Day hospital

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A day hospital is an outpatient facility where patients attend for assessment, treatment or rehabilitation during the day and then return home or spend the night at a different facility.[1] The patient groups most likely to receive this sort of hospital provision are elderly people, those with psychiatric problems, and those with physical rehabilitative needs. It is also used for some cancer treatments, as at New York's Memorial Sloan Kettering Cancer Center and London's UCH Macmillan Cancer Centre.

United Kingdom[edit]

In the United Kingdom, day hospitals originated in the late 1950s with a focus on rehabilitation for frail older people, enabling many to remain in their own homes.[2] Comprehensive assessment and a range of specialised services have since been introduced. Day hospitals in the UK are normally run by an NHS trust and focus on therapeutic assessment and management, as distinct from "day care" facilities run by local authorities or voluntary agencies and offering social support. They may operate on a sessional basis rather than throughout the day, and may rotate between locations from day to day.[3]

Benefits have been identified in reduced rates of mortality and morbidity[4] and reduced inpatient admissions, although there is a lack of evidence for other benefits and cost-effectiveness.[5][6]

United States[edit]

Day hospital services are well established in the United States.[7] These services may be termed as "partial hospitalization" in some regions.[3]

Sweden[edit]

Day hospital services for elderly people have existed in Sweden since the early 1950s and continue to expand, with 1,600 places in the country. Day hospitals are integrated with primary health care and social care.[8]

Australia[edit]

In Australia, many older people receive care in day hospitals, but for patients with psychiatric conditions day hospitals have largely been superseded by community mental health teams.[9]

References[edit]

  1. ^ "day hospital". The Free Dictionary. Retrieved 29 June 2017.
  2. ^ Susan Marie Friedman (1992). The development of geriatric day hospitals in Great Britain and the United States. Northwestern University, Department of Community Health and Preventive Medicine.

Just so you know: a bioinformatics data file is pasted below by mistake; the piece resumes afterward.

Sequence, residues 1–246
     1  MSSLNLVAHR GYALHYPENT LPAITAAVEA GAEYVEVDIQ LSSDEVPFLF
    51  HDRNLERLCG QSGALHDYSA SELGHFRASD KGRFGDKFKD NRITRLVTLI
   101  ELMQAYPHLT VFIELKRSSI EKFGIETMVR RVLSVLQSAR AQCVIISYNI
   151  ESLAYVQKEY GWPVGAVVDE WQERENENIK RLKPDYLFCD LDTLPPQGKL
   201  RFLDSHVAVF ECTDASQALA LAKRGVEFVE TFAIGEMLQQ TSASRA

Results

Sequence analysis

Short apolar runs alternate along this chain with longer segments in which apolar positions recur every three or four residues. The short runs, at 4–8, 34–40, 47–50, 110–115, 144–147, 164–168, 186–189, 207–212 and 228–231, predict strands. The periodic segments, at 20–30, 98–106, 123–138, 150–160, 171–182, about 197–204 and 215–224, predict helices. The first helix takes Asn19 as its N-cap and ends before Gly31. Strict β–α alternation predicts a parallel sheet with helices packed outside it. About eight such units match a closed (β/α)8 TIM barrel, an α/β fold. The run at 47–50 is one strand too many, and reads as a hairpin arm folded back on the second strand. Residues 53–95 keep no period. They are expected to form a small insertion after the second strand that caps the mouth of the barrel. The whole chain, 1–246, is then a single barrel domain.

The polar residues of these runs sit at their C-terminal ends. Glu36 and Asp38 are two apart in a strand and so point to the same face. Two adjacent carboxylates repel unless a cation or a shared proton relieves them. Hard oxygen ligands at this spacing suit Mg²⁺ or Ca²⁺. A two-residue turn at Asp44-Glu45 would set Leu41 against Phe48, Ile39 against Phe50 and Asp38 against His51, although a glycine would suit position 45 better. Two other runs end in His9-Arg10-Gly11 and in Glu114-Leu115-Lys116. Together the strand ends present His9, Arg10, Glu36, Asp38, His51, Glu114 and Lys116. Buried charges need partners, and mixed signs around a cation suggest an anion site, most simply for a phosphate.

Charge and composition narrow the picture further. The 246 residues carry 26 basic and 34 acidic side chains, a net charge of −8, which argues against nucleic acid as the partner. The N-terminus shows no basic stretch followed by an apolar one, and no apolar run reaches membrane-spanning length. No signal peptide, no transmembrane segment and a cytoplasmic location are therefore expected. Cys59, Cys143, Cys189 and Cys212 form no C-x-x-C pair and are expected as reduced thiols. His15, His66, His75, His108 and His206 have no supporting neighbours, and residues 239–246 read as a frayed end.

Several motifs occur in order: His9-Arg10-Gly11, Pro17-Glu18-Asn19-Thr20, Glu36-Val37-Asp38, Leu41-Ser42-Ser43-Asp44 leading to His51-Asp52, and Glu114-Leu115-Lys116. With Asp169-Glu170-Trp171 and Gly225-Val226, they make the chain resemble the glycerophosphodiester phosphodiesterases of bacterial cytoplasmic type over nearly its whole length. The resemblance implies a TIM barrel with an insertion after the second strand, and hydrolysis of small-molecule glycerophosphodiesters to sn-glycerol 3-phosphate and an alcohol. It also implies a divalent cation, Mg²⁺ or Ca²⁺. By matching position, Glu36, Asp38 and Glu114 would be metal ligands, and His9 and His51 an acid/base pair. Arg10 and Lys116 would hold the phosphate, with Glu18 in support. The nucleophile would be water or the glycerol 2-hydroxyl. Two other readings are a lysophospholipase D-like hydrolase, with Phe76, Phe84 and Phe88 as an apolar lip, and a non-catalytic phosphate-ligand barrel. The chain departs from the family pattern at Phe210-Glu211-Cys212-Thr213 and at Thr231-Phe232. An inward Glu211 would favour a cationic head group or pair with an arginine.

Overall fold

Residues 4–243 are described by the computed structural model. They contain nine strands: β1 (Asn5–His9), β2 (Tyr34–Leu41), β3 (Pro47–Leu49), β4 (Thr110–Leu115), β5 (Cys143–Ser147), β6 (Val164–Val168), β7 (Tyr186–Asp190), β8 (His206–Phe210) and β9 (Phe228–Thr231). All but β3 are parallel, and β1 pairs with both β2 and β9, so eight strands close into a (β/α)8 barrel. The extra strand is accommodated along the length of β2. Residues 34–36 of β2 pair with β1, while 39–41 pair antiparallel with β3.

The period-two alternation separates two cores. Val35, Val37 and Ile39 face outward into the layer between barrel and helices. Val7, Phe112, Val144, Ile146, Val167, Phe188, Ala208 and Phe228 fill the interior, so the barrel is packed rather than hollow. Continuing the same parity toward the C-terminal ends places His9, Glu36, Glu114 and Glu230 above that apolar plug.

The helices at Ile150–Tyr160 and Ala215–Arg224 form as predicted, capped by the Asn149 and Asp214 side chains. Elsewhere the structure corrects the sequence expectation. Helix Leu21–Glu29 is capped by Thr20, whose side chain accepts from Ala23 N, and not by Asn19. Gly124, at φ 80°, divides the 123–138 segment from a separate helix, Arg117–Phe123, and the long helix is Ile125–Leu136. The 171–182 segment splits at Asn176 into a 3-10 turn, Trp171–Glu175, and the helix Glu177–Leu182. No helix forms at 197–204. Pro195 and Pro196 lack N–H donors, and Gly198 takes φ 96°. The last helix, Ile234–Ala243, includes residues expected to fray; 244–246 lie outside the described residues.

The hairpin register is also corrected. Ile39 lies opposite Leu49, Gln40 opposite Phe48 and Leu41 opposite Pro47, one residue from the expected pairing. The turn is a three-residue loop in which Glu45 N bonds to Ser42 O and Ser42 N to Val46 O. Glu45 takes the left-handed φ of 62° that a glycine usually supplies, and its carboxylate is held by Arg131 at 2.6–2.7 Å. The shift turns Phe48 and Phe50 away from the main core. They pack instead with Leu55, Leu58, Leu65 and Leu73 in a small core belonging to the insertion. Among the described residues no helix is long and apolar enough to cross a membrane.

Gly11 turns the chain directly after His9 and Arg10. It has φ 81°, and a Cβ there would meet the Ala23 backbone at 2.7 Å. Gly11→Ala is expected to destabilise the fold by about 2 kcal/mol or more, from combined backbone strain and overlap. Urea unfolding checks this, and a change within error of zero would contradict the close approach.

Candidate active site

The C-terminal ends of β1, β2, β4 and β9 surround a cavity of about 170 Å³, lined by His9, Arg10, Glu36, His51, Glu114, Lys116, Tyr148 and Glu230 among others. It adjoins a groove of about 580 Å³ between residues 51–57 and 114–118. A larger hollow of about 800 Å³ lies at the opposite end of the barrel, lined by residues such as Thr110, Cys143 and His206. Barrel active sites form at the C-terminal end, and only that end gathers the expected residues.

3. ^ a b Wilson, Kenneth (August 2008). "The Changing Face Of Day Hospitals For Older People With Mental Illness" (PDF). Royal College of Psychiatrists. Retrieved 29 June 2017.
  4. ^ "Day Hospitals for Older People". British Geriatrics Society. 26 November 2009. Retrieved 29 June 2017.
  5. ^ Shek E, Stein AT, Shansis FM, Marshall M, Crowther R, Tyrer P (7 October 2009). "Day hospital versus outpatient care for people with schizophrenia". Cochrane Database of Systematic Reviews (4). doi:10.1002/14651858.
  6. ^ Brown L, Forster A, Young J, Crocker T, Benham A, Langhorne P. "Medical day hospital care for older people versus alternative forms of care". Cochrane Database of Systematic Reviews 2015, Issue 6. Art. No.: CD001730. DOI: 10.1002/14651858.CD001730.pub3
  7. ^ Harriet S. Gill; Daniel B. Walter; American Hospital Association (1996). The day hospital model of care for patients with medical and rehabilitative needs. American Hospital Association.
  8. ^ M. Bergener; B. Kark (7 March 2013). Tagesklinische Behandlung im Alter / Day Hospital Care of the Elderly. Springer-Verlag. pp. 31–32. ISBN 978-3-642-72358-2.
  9. ^ Gerard J. Byrne; Christine C. Neville (2010). Community Mental Health for Older People. Elsevier Health Sciences. p. 33. ISBN 0-7295-7899-2.